Though these days the term wordmonger refers to "a writer or speaker who uses language pretentiously or carelessly," please join me in proposing a new meaning. A fishmonger appreciates and promotes fish, therefore, a wordmonger does the same for words.

Thursday, September 25, 2014

Lost Words

Lost words

I recently came upon a book my mom (known in the family as Muz) gave me in 1978. It’s devoted to words that had once lived happy lives, but in time, expired. Poplollies and Bellibones by Susan Kelz Sperling has brought me many a laugh over the years. This week’s post features several of her words whose existence and meaning I can confirm.

titivil – related to the word devil, a titivil was a knave or scoundrel. It appears the word initially referred to a very specific sort of scoundrel, a chap who listened so closely to other monks’ prayers he collected any mumbled words and phrases and informed the authorities. There is argument as to whether the titivil delivered this information to the monks’ earthly superiors or to less physically established authorities.

flerd – From the Old English word flaerd. Flerd is nonsense, deception, folly or superstition.

murfles – a synonym for freckles.

coverslut – an apron. Also an architectural structure built for the sole purpose of concealing some uglier structure underneath.

lickspigot – much like a brown-nose or bootlicker, a lickspigot acts in a subservient manner, fawning all over those in authority.

wink-a-peeps – eyes.

turngiddy – someone who has become dizzy due to spinning. Secondary meanings include vertigo, lighthearted, flighty & childish. The term comes from the Old English word gydig, which meant mad. Gydig appears to have come from the word God, as it was understood that someone who had gone mad had been possessed by a divine being. Hmmm.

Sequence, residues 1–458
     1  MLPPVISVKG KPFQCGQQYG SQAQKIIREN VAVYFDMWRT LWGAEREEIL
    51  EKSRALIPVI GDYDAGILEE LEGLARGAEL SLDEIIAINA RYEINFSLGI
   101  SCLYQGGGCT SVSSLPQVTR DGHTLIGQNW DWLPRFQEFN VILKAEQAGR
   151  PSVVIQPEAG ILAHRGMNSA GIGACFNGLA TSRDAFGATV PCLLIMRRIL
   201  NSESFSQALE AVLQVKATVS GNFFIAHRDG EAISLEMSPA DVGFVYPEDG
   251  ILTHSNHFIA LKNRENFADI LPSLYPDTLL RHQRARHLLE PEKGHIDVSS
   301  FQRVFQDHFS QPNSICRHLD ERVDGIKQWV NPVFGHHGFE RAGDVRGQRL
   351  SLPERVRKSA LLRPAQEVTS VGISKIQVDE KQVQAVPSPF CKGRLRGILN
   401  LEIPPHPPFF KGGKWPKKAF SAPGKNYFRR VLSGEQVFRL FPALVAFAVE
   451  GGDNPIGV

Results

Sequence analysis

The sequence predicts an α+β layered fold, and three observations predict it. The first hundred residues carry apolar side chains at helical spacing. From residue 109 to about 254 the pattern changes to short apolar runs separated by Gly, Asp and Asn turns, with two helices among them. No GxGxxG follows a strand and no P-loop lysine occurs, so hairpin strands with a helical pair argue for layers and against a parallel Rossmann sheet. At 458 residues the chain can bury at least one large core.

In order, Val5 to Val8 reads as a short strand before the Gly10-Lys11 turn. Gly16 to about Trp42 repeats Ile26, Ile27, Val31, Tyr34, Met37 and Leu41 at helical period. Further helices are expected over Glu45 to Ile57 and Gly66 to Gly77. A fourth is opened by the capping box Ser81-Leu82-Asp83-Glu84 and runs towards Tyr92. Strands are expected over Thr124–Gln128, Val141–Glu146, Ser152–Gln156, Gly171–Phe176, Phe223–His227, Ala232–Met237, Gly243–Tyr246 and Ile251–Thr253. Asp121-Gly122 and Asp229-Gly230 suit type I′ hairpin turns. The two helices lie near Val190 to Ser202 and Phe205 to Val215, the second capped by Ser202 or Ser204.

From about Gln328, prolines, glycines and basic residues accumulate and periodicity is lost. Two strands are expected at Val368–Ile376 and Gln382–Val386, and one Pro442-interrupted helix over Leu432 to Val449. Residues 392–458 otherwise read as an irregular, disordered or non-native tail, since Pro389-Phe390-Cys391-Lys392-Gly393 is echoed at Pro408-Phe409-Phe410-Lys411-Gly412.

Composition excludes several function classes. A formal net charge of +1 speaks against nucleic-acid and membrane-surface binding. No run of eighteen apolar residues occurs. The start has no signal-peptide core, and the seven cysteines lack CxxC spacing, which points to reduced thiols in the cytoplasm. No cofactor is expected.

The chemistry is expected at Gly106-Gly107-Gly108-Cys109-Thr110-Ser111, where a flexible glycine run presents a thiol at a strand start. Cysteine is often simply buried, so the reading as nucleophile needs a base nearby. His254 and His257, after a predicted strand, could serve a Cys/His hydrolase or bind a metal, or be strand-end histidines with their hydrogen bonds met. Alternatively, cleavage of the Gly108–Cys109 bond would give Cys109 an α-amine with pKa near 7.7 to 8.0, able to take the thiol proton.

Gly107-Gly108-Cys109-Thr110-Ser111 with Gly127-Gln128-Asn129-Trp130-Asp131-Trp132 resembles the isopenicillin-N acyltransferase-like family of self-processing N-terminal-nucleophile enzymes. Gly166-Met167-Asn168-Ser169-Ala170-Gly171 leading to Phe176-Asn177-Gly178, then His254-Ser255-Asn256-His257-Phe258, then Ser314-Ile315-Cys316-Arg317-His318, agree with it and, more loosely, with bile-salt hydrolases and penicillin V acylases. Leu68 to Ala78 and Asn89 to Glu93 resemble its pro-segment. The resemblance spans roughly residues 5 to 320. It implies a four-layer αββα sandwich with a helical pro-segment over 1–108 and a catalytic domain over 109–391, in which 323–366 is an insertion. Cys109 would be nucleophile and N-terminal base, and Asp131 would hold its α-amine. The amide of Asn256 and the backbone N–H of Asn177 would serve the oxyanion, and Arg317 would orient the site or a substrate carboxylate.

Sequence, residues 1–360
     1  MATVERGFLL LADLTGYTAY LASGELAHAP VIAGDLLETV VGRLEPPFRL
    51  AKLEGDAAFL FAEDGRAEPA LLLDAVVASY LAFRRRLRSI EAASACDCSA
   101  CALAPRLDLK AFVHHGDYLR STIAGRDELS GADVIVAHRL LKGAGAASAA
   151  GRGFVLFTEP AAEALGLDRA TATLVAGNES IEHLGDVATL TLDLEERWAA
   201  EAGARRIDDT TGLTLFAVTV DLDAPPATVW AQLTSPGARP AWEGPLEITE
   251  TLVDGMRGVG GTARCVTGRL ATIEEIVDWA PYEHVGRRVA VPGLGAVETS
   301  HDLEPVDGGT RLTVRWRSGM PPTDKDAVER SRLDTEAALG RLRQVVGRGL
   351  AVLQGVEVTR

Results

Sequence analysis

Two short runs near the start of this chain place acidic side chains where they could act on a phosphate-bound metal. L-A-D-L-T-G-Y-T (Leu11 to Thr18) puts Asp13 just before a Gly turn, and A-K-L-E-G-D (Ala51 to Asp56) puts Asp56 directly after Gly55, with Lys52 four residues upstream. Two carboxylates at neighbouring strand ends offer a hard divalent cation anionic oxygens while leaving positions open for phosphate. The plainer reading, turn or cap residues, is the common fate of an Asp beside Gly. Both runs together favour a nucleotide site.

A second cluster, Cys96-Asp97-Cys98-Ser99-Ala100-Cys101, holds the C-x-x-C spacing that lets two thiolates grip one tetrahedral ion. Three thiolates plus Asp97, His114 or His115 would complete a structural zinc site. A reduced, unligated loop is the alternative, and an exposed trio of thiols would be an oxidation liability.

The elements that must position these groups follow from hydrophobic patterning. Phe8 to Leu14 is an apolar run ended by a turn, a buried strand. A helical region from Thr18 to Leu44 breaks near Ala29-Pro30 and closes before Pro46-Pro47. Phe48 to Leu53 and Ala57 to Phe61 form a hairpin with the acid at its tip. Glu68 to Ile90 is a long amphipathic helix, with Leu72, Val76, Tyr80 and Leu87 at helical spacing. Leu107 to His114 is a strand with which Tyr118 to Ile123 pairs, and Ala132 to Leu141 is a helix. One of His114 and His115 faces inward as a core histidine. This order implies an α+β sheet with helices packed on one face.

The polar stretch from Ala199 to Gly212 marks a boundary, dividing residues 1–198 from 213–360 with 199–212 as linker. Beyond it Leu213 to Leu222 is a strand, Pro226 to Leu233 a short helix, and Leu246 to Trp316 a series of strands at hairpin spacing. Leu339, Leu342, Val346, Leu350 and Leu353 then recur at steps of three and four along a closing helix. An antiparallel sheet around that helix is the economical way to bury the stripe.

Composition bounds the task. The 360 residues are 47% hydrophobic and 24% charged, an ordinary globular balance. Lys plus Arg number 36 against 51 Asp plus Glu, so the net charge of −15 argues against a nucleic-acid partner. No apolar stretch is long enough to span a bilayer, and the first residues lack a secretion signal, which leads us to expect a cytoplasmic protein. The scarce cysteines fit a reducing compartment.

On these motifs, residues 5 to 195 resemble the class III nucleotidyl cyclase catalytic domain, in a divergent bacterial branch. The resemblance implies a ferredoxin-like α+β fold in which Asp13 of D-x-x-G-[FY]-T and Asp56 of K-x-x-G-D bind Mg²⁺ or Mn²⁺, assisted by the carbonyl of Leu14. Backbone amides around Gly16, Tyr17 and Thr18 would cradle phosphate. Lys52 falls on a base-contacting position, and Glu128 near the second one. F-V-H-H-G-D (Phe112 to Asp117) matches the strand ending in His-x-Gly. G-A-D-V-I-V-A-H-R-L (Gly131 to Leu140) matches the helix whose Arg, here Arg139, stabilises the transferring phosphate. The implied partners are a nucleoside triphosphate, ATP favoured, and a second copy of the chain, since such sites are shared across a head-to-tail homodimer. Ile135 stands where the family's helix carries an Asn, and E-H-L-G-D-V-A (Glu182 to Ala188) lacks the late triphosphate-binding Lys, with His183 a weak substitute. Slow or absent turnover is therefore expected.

Good readers, if you were kings or queens of the world, which of these words would you bring back into common usage?

My thanks go out to this week’s sources: The OED, Etymonline, The Free Dictionary, The Times & The Mad Logophile, & Susan Kelz Sperling’s Poplollies & Bellibones – A Celebration of Lost Words


  1. These are all so marvelous. We need to bring them all back! I wonder what makes a word die? Who wouldn't rather have murfles than freckles? And I can't wait to tell some Internet idiot that he's talking a bunch of flerd. Thanks, Mr. Monger!

  2. I agree with Anne on "flerd". I also like "turngiddy" and "titivil." Any chance "titivil" is related to "tattletale"?

    But I must say, I'm quite happy "coverslut" has gone out of use.

  3. I think I might try wink-a-peeps on my grandsons. I'm on a new medication that makes me feel a bit turngiddy in the AM. I like it...turngiddy in the AM. Makes it sound kind of fun! Thanks for these. They are all wonderful.

  4. Hey Anne - Be careful flinging the flerd -- it can be dangerous!

  5. I love these words, even though they're dead, but then I do kill a lot of people in my books so why wouldn't I love dead words? My favs are flerd, muffles and lickspigot, though coverslut just tickles my funny bone, too. I have a feeling some of these might end up in the YA fantasy series I'm working on.., they're just so colorful. I can just hear my male protagonist calling someone a lickspigot, and flinging the flerd around with abandon... Good times!

  6. Hey Rachel6 -- it's been a while. Good to have you checking in. I hadn't thought of searching for dead words whose demise should please us, but I hear your argument regarding coverslut. Susan & Christine -- good to have you here, too. And I heartily endorse these words' inclusion in upcoming fitcion!

    1. I've been a faithful, albeit silent, reader! Don't worry, I don't abandon a good thing when I find it ;)

  7. Charlie, for me it has to be coverslut. Might even put it in one of my LGBT novellas. It's too good a word to waste. Murfles is pretty silly, too. Love these fun words.